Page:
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This might be the wrong forum - but how are folks managing database migrations these days? I want to create some tables, some constraints, have the sql that created these tables live under source control, and also track changes to these tables with additional scripts that can be applied on top of the previous. Is flyway popular/simple/ok/not wildly confusing?


I've also read a bit about sqitch - I'd be interfacing with postgres primarily


We built our own migration tool in Clojure (because, reasons) but most folks use Ragtime or Migratus @radicalmatt


I use flyway at work for a multi-tenant SaaS sw. Flyway takes a list of schemas to run the (same) migrations on, which simplifies adding tenants. We use a schema per tenant. It also has Java migrations that you can of course call Clojure from.


The automatic schema addition is convenient. I have a test fixture that first deletes the "test" tenant's schema and then runs migrations on it, creating a new one. It's an easy way to keep the test database clean.


recently moved stuff to flyway as well. it seems to work for the basic needs.


I've seen at least one person using Flyway from Clojure but it doesn't seem very common.

seancorfield01:08:45 and -- if I were to pick one of those, it would be Migratus, since the sequential migration numbers in Ragtime can be problematic (Migratus' README explains why).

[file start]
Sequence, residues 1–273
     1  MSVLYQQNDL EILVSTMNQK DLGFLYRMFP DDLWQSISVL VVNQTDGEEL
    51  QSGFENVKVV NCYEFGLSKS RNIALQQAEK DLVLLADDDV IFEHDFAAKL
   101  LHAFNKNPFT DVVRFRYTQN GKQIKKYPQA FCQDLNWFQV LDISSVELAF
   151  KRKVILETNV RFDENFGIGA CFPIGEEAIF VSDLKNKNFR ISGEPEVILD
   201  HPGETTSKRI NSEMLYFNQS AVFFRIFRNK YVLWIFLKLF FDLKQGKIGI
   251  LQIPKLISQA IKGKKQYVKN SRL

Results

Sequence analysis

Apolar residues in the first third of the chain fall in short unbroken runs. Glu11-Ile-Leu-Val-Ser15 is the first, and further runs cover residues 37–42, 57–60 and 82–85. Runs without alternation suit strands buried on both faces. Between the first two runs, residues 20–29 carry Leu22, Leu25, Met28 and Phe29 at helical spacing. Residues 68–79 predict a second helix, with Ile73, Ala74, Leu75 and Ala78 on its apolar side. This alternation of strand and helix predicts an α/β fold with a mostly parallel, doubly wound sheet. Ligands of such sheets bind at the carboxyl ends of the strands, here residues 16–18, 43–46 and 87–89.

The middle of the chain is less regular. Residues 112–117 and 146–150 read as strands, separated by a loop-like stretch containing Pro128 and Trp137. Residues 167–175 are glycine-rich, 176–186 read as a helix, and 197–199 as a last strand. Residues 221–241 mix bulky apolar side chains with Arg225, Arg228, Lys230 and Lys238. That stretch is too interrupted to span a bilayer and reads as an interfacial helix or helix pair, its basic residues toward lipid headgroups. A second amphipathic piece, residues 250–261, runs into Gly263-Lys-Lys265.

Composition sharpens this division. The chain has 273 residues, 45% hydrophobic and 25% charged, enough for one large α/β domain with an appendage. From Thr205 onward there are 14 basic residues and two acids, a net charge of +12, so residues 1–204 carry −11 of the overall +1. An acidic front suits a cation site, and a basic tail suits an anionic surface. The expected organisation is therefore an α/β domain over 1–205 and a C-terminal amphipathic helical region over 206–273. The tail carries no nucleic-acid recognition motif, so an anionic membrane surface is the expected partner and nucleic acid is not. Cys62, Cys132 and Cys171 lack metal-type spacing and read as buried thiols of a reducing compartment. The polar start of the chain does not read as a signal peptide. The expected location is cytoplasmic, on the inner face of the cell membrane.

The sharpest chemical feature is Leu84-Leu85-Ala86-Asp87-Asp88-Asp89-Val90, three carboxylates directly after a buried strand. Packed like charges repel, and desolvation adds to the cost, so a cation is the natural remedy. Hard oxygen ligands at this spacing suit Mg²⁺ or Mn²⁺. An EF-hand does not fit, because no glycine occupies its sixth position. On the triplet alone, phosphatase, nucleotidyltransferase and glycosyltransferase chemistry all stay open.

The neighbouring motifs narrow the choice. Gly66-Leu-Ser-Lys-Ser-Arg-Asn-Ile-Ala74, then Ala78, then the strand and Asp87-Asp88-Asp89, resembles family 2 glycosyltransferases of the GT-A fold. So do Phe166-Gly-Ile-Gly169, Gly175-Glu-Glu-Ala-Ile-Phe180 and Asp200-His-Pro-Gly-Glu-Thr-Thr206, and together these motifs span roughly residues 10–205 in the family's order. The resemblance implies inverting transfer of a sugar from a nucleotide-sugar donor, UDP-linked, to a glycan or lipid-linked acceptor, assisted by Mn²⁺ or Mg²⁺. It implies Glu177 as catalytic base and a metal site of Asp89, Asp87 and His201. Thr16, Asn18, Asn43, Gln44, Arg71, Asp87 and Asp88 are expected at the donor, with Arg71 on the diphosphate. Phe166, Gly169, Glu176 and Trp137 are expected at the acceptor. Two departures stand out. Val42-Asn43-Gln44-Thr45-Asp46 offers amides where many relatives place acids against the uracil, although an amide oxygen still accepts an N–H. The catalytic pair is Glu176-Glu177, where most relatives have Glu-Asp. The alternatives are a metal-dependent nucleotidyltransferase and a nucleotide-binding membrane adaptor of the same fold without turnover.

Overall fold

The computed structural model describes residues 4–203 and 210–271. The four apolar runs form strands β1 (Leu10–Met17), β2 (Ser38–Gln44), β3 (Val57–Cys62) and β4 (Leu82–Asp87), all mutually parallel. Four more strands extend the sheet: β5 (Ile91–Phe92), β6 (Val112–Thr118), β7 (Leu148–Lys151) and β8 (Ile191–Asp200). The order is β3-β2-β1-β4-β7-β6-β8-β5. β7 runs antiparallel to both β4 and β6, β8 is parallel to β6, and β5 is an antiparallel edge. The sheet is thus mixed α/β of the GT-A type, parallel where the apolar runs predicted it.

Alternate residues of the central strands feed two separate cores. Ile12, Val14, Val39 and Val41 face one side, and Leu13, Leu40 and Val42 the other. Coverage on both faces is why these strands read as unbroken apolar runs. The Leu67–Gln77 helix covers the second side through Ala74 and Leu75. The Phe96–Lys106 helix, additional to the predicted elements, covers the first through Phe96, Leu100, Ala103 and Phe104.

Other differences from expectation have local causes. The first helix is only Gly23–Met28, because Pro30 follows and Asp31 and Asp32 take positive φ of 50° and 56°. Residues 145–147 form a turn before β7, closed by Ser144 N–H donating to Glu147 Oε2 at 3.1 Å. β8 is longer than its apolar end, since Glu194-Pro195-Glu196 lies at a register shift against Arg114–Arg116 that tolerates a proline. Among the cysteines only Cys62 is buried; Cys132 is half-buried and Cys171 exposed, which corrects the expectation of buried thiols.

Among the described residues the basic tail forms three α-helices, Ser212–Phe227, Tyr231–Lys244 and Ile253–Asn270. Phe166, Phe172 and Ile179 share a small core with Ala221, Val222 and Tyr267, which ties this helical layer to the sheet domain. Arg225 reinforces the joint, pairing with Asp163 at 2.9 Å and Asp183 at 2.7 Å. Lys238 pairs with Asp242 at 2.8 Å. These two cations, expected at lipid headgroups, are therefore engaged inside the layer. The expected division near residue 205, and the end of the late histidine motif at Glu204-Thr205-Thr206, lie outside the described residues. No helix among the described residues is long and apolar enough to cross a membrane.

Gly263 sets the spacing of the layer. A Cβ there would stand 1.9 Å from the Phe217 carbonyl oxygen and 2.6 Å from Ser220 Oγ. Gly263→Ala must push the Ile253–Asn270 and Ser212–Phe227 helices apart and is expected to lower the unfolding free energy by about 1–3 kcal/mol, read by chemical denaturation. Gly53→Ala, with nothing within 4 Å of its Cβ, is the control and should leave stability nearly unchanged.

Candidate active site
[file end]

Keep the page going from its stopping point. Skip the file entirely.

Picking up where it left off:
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Humm, as far as I know, sequential migration numbers are only needed in Ragtime if you want to split a SQL migration in several files so each file has only one SQL sentence (according to But if you use the --;; marker to separate SQL sentences, you can have them in a single file. In this case, the name of the file doesn't need to include sequential migration numbers. Files just need to end in .up.sql and .down.sql, but the "prefix" can be whatever you like, as long as they sort lexicographically in the order you need. That is, you could use timestamps as migration ids, like you do in Migratus. Am I wrong?


I'd have to dig into how Ragtime records which migrations have been applied and which haven't, but it is relying on conventions, whereas Migratus records all the actual migrations applied I believe (so you don't have problems if you create migrations on branches that don't get merged until later). I haven't used either, so I'm basing my comments on other people's discussions about running into that problem (with Ragtime specifically and sequential migrations in general). Migratus has a utility to create the migration files for you so you don't have to manually figure out the right name.


Oh, now I see what you meant! You were talking about the order of the recorded migrations that are already applied. And not about how to order the files with the new migrations that you want to apply. In that case, Ragtime imposes what you called "sequential migration numbers" by default, using the so-called "raise-error migration strategy" (See But you can choose between several strategies. I think ragtime.strategy/apply-new is almost the same as what you say Migratus does.


(our bespoke system at work uses sequential numbers, so I know that pain well, and it had its origins in pre-Clojure days for our company, so I just converted it to Clojure rather than switch completely to an existing one).